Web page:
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If Australia’s bushfires are the new normal, how should companies manage risks?

News & Resources · 6 min read

If Australia’s bushfires are the new normal, how should companies manage risks?

Companies with supply chain operations in Australia need to rethink their contingency plans to minimise disruptions caused by the bushfire season.

Every year, Australia experiences a bushfire season during the dry summer. Except 2019 was not any other year.

It was Australia’s driest and hottest year on record, exacerbated by a prolonged drought and scorching temperatures that have fueled a months-long climate crisis since last September.

As the country fights to contain the bushfires that have killed 28 people, burnt 27 million hectares of forest, and destroyed over 2,500 homes, companies have been forced to develop contingency plans to avoid disruptions to their supply chains.

The wildfires have ravaged much of New South Wales, Victoria, and South Australia, and have quickly escalated to become one of the worst bushfire seasons on record. The severity of the crisis has prompted widespread interruptions such as highway closures, production stoppages, power outages, as well as flight cancellations and delays — all of which inevitably cause significant disruptions to logistics activity.

To mitigate the risk of potential disruptions during seasonal bushfires in the future, companies with supply chain operations in Australia should consider adopting the following steps:

1) Create visibility through mapping of vulnerable suppliers and transportation lanes

The ability to maintain visibility of suppliers in areas vulnerable to bushfires allows supply chain managers to quickly assess the potential impact within the manufacturing network before disseminating communication about a potentially disruptive event. This can help to trigger business continuity plans for affected sites promptly.

More importantly, the consideration of alternative transportation lanes and the assessment of secondary production impact through the mapping of vulnerable highways and railways are also necessary.

Organisations should identify priority shipments early on as wildfires disrupt overland transport while low visibility caused by the ashes may result in cancellations or delays to flights and berthing delays at ports. By identifying alternative routes ahead of time, organisations can avoid delays to critical shipments.

2) Ensure that suppliers in Australia are not single-sourced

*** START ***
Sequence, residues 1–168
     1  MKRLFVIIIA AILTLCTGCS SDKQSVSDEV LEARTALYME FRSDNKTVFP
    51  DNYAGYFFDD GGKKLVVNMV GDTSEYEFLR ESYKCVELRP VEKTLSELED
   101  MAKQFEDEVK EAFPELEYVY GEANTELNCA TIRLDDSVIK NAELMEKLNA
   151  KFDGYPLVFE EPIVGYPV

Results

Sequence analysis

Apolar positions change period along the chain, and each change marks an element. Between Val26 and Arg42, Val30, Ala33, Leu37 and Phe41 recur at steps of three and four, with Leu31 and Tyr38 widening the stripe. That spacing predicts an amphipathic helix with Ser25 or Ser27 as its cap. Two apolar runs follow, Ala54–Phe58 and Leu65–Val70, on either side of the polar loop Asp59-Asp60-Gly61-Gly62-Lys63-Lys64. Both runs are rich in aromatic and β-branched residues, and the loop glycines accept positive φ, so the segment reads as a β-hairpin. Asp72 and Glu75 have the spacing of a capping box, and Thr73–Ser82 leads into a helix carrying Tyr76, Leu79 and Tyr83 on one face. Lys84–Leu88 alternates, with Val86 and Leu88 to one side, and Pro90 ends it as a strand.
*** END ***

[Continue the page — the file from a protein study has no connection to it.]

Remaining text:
Where possible, sourcing managers should consider dual-sourcing strategies and identify alternative suppliers to minimise the impact on production schedules.

Warmer temperatures are expected in the coming weeks, which could worsen Australia’s bushfire crisis.

During the process of selecting suppliers, the geographical location(s) of the suppliers’ base should also be a factor for consideration to determine how they can adequately plug the gap in the case of higher demand in times of emergency.

Having alternative suppliers in place can ensure that production schedules are not held up indefinitely due to a single, prolonged event.

3) Verify that alternative suppliers can deliver increased volumes

Understanding the capabilities and capacities of alternative suppliers, and ensuring the required contractual agreements are in place, are critical for companies to respond quickly when supply chain disruptions occur.

“It is vital for companies to maintain agility and flexibility in the face of disruption to minimise the impact on its operations,” said Tobias Larsson, CEO of DHL Resilience360, a supply chain risk management software. “Understanding the risks ahead of time will help companies build a resilient supply chain capable of managing unforeseen circumstances.”

Establishing effective communication channels with alternative suppliers can also help speed up supply chain operations and prevent confusion during a disruption.

4) Monitor weather forecasts, be mindful of seasonal conditions, and plan capacity ahead

Given the residual impact of catastrophic events like bushfires, companies are encouraged to follow real-time weather patterns in Oceania or track the latest status of bushfires online when the situation calls for it.

Water bombing helicopters have been deployed across the country to control the bushfires.

To prevent last-minute hiccups, companies should factor in back-up plans when planning production and shipping schedules, and evaluate backup production and cargo capacity where possible.

5) Set up emergency communication systems

Intermittent power outages have occurred in severely affected areas as a result of the bushfires.

For businesses that rely on uninterrupted communication for production, trading, the supply of goods, and services, there should always be back-up communication channels ready for use to communicate with employees and suppliers in the event of major disruptions.

You can show your support for those impacted by making a donation to the DHL Australian Bushfire Fundraising Appeal today. DHL has committed to match all donations dollar-for-dollar up to a total of AU$500,000 (€308,641), with the goal of raising AU$1 million together to help the relief efforts.

This article was originally published on DHL’s Logistics of Things and was republished with permission.

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